The blame game is perhaps one of the most popular and widely played games in the world. It is front and center daily in politics. Is it not?
Consider, for example, the rampant inflation that our nation and others are experiencing. What is the cause? Our “leaders” are blaming it on their predecessors; they claim the pandemic wrought it; it’s the high price of oil (well, what’s its cause?) that is exacting the toll; Putin and his war in Ukraine are the culprits; the greed of big business is causing it—whatever the cause celibre of the day.
Members of media are premier players. They march in a bevy of pundits who denounce from their bully pulpit every decision and act not with facts but opinions colored by their biases and shared views with the audience the media is targeting.
Disastrous policies, strategies, execution, etc., are laid everywhere but those responsible.
Let’s not rule out business. It knows how to play the blame game too.
- “Marketing is wasting money on advertising that doesn’t work.”
- “The sales force is poorly trained.”
- Manufacturing isn’t doing its job.”
- “The access team isn’t selling our differentiation.”
- “R&D strapped us with a product that is not meaningfully different from our competitors.”
- “The customer doesn’t get it.”
- “Competition engages in unethical practices.”
We’ve heard it all, and more, before! Sadly, we continue to listen to the same things ad nauseum.
What makes the blame game so popular? It’s a way to dodge accountability when it doesn’t suit the individual or party and their narrative. It deflects responsibility for doing the right things in the right way.
Poor practices make it possible. Accordingly, we need to identify and address those practices to avoid the blame game and, importantly, learn from our experiences and improve performance.
What should we be doing to avoid the blame game?
- Set expectations with SMART Behavior Objectives. What is it that we need to achieve? Identify and quantify it. Make your behavior objectives “SMART.” The acronym stands for Specific, Measurable, Achievable, Relevant, and Timebound.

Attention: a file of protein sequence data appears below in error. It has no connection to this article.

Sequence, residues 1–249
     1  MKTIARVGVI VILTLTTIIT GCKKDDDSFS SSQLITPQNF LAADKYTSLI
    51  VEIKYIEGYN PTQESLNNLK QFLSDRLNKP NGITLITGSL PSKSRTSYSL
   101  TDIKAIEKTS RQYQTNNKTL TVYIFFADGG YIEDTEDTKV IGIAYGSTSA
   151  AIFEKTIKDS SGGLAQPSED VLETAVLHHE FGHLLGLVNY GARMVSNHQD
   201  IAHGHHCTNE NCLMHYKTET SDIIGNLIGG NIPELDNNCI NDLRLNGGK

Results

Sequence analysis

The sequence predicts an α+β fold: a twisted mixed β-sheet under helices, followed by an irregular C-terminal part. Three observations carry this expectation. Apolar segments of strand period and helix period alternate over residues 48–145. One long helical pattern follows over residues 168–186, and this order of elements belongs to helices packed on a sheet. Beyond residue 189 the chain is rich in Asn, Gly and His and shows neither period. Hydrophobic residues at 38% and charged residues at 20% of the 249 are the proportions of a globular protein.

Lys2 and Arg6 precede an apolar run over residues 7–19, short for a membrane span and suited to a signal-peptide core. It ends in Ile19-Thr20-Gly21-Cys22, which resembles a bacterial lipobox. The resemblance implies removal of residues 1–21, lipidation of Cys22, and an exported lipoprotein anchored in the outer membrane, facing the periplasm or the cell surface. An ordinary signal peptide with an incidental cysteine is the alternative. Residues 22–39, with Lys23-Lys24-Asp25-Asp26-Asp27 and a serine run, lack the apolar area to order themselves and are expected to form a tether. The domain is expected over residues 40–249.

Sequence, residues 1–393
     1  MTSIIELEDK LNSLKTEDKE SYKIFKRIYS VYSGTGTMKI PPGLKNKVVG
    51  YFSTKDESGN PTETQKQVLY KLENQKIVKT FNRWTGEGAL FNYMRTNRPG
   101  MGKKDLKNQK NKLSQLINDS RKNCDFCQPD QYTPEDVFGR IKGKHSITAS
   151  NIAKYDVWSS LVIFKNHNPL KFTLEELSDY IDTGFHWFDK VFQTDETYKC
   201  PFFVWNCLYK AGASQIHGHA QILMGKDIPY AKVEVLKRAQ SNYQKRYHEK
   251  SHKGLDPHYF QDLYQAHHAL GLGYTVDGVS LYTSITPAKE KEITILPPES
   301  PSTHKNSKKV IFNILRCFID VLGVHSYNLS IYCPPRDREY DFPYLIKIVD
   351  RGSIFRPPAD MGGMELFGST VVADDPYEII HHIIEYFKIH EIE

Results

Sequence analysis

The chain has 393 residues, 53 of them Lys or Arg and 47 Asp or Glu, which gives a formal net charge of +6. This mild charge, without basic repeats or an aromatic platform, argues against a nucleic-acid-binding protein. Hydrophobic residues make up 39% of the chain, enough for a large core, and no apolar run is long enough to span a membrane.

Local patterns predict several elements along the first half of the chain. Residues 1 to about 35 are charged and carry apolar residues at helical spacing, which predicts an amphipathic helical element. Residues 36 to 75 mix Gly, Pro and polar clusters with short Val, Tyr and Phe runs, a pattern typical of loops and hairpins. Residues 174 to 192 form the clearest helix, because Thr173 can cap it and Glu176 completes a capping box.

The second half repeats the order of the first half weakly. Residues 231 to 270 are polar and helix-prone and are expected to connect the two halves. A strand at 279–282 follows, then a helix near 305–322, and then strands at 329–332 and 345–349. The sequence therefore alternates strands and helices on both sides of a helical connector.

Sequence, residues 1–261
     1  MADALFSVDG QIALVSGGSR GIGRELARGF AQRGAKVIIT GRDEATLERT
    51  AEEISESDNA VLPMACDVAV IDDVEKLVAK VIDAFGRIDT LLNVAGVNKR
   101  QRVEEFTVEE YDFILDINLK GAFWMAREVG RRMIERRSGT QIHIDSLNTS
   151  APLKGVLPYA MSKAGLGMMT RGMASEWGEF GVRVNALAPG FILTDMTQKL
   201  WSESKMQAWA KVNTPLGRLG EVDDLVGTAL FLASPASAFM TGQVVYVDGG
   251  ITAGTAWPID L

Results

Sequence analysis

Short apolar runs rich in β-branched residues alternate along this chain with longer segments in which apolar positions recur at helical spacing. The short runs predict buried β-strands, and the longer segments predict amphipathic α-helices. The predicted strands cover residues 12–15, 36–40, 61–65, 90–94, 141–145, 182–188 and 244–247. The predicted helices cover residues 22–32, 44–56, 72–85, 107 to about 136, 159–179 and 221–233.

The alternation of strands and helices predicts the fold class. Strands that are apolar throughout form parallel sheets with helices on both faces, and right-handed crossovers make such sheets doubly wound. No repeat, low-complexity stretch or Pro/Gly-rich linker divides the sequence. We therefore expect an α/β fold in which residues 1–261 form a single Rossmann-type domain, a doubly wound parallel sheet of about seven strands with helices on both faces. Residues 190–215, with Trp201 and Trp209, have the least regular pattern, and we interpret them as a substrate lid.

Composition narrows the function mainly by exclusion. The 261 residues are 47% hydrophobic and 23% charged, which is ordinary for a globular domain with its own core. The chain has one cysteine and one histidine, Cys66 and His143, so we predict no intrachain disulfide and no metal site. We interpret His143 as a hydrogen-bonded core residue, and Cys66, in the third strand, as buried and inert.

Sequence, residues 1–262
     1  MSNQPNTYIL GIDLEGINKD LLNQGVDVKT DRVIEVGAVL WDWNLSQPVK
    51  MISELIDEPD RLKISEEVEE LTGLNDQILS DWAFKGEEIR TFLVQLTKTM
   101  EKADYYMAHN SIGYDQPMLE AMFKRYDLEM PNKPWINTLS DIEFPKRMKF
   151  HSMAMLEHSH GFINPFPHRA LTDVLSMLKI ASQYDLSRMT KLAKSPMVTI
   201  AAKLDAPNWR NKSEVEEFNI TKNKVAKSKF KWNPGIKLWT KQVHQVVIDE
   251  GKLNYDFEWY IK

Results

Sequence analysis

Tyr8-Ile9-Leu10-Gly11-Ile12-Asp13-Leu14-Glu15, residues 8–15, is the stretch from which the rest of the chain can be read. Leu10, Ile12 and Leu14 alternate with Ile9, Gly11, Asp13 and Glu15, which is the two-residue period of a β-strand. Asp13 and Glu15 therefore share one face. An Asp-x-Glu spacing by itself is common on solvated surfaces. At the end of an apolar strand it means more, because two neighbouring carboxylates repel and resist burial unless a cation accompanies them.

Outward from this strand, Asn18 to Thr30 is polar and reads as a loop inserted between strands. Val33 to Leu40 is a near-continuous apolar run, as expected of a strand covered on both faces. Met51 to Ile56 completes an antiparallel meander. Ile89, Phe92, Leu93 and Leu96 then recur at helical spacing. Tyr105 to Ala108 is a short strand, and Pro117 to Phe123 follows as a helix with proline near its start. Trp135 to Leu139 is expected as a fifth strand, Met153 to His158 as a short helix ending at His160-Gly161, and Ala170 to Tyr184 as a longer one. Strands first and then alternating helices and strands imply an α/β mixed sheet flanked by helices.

- Inspect for what you expect. In other words, track and measure results versus your expectations. I’m amazed by how few organizations engage in rigorous performance analysis. Instead, they prefer to bury their heads in the sand and chase after the next “silver bullet,” resulting in yet another mediocre effort. Begin tracking and analyzing results early so that you can implement course corrections as appropriate.
- Test before going broadscale. Ensure that the decisions we make and our actions work as anticipated before overcommitting resources.
- Don’t view the rigorous process as an indictment but as an important learning event to make future decisions and actions more productive. I recall a story about an IBMer who made a mistake that cost the company 10-million dollars. He admitted his error to his manager and said, “I guess you’re going to fire me.” The manager responded, “We just spent 10-million dollars to train you. Don’t make this mistake again.”
Blame gamers don’t engage in the practices mentioned above. Ask why a launch didn’t achieve its Business Objectives, and you’ll get opinions instead of hard evidence.
Consequently, the team learns nothing or little, leading to more sub-par performing launches, decisions, and actions. Additionally, personal and organizational growth stalls. Moreover, the blame game will invite politics, divide people and undermine morale.
Avoiding playing the blame game will make your marketing (and organization performance) matter more!
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Make your marketing matter more. Please read my most recent book, AVOIDING CRITICAL MARKETING ERRORS: How to Go from Dumb to Smart Marketing. Learn more here: http://bdn-intl.com/avoiding-critical-marketing-errors. It will help you avoid critical marketing errors and, importantly, suggest actions you can take to make your marketing matter even more.
Peace and best wishes,